- UK and Azerbaijan have been strong partners in oil sector for many decades. But what’s about possible cooperation in the field of alternative and renewable energy sources?

- Azerbaijan has a large potential for renewable energy power generation in the areas of wind, hydro and biomass. Some analysts have estimated total wind power potential is estimated to be 1,500 MW. Biomass and hydro also have substantial potential for power production. As an island nation we have outstanding wind resources, the best in Europe, and wind energy is an indigenous source of energy which is needed to meet our renewable energy and climate change goals. The wind industry can be a key player in creating the investment, exports and jobs we need to bring back economic prosperity. The Government is committed to the development of wind energy in the UK. The UK leads the world in terms of installed offshore wind, with over 1.5GW of installed capacity. The UK renewables market is the most attractive in the world for offshore wind investment, out of 30 countries considered in Ernst & Young’s Renewables Attractiveness Index 2011. The UK has a binding target for 15% of its energy, across the electricity, heat and transport sectors, to come from renewable sources by 2020. There are no targets for individual renewables technologies as we take a market-based approach to energy generation. The actual amount of generation from any technology will depend on a range of factors including market uptake, the relative cost compared to other options and the availability of other technologies to deliver. Our commitment to renewables means we have much to share about our experience with partners in addition to what we can learn from others.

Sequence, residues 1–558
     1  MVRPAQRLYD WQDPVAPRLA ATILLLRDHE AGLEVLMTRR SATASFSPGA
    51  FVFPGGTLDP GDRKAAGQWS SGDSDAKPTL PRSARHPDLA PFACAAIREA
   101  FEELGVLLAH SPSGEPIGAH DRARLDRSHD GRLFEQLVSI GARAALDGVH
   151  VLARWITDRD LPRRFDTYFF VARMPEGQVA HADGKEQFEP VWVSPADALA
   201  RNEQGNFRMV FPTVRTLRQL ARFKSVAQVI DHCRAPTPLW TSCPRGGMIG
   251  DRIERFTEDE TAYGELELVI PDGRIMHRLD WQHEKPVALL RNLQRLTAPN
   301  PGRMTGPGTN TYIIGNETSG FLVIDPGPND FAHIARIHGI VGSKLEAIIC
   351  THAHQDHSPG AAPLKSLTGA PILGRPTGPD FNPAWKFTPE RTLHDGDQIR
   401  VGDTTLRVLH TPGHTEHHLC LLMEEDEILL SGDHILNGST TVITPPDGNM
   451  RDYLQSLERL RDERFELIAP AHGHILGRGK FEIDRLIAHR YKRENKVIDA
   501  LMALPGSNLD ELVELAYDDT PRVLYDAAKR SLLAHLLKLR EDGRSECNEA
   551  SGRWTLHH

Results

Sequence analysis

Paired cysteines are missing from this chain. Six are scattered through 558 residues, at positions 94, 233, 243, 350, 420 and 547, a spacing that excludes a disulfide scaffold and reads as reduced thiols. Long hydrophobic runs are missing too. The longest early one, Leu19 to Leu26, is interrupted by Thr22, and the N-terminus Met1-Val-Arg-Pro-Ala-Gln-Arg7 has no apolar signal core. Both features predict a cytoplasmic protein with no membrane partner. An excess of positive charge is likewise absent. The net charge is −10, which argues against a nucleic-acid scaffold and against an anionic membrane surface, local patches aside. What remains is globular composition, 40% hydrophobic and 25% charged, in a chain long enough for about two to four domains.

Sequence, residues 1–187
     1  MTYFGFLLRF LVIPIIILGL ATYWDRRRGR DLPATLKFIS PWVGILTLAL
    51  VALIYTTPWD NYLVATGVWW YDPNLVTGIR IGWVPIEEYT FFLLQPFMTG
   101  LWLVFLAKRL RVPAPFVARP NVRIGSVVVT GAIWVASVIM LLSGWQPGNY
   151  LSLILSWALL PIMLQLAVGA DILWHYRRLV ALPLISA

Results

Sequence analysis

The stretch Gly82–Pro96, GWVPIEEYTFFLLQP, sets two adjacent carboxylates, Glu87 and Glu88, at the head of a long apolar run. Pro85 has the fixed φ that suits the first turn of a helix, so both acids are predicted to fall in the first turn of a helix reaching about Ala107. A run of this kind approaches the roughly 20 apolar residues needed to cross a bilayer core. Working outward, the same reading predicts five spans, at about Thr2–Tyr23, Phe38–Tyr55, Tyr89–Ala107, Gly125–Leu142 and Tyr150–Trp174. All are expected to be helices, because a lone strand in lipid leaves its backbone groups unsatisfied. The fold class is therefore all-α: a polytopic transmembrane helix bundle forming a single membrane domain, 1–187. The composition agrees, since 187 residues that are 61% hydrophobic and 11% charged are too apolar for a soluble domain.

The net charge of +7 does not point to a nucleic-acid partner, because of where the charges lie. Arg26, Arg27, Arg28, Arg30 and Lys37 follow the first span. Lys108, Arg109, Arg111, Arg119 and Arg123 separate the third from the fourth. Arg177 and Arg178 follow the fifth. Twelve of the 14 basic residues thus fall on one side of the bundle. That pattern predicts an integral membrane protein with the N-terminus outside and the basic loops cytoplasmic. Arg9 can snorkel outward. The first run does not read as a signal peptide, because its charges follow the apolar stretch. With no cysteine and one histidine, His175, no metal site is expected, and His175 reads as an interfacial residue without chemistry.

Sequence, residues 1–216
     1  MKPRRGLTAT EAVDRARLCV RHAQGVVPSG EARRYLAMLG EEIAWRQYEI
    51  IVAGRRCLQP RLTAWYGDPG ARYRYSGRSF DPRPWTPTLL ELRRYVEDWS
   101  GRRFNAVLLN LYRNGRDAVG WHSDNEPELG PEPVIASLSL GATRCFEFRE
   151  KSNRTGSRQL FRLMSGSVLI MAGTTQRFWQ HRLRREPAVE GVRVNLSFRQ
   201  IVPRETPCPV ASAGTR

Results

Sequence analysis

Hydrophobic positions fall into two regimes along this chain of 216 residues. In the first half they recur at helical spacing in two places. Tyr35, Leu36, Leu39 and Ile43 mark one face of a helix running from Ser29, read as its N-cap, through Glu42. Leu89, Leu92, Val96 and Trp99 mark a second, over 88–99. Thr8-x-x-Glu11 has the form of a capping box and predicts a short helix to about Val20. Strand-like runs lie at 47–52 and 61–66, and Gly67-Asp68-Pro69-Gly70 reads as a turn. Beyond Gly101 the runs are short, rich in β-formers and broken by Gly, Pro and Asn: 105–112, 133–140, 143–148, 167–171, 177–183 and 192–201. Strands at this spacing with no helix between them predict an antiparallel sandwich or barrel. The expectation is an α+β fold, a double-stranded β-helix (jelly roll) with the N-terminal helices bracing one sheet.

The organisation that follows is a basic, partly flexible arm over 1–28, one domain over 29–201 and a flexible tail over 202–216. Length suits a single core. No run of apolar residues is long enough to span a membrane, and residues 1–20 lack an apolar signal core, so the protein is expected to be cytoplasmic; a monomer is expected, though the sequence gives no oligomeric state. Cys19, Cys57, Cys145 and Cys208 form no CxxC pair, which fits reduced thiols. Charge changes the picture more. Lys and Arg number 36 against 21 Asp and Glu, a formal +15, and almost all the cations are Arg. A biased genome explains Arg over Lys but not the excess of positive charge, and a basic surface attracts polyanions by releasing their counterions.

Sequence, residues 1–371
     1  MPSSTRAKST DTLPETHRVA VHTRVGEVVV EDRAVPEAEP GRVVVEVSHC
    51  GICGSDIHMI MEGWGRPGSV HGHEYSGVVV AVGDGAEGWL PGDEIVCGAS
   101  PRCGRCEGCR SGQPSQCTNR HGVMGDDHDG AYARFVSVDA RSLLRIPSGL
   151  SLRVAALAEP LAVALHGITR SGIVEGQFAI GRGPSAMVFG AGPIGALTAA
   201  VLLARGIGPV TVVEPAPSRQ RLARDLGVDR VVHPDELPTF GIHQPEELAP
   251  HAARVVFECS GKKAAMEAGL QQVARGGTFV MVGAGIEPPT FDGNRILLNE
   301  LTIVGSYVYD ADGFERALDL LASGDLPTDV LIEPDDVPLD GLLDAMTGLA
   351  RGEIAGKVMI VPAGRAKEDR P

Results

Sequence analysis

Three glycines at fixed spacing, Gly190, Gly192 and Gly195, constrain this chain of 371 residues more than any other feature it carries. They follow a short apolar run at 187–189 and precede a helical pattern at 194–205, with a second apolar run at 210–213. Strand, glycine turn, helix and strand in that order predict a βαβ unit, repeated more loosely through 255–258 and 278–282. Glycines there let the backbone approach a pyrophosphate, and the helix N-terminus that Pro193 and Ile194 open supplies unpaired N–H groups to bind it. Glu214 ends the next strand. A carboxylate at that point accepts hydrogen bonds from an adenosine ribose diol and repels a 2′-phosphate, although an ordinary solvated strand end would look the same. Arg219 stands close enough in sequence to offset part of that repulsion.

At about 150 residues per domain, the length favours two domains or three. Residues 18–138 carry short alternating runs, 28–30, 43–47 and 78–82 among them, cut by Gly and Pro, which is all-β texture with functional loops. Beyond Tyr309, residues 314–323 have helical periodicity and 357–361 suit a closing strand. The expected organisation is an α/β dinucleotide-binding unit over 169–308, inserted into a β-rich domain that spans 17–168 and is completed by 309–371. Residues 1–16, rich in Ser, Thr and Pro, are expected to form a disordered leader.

- The tragic Gulf of Mexico incident last year was a shock to us all – a tragic human and environmental disaster. How do you think, what lessons we can draw in terms of Caspian operations in order to avoid here a next environmental disaster?

- The Macondo tragedy in the Gulf of Mexico presented a challenge to the entire industry across the world. We are confident that we have world-leading environmental and safety regimes. Since 1974, industry has drilled some 315 deepwater wells in UK waters with no case of a blow-out or drilling-related oil spill. However, we are committed to learning what we can from last year’s tragic accident and, where appropriate, applying that learning to what we do. We are already increasing offshore environmental inspections from 60 to 150 annually and have strengthened our Oil Pollution Emergency Plans. We are also undertaking a comprehensive review into the UK’s oil & gas offshore regime in the light of the US investigations. This is being independently chaired, and will report later this year. We are also fully supporting the industry’s initiative – through the Oil Spill Prevention and Response Advisory Group (OSPRAG) – to identify and address cross industry issues related to well control and oil spill response. A capping device is being developed under OSPRAG auspices, to provide a new level of assurance of prompt intervention in the event of any blow-out, and hence to minimize the risks of oil pollution.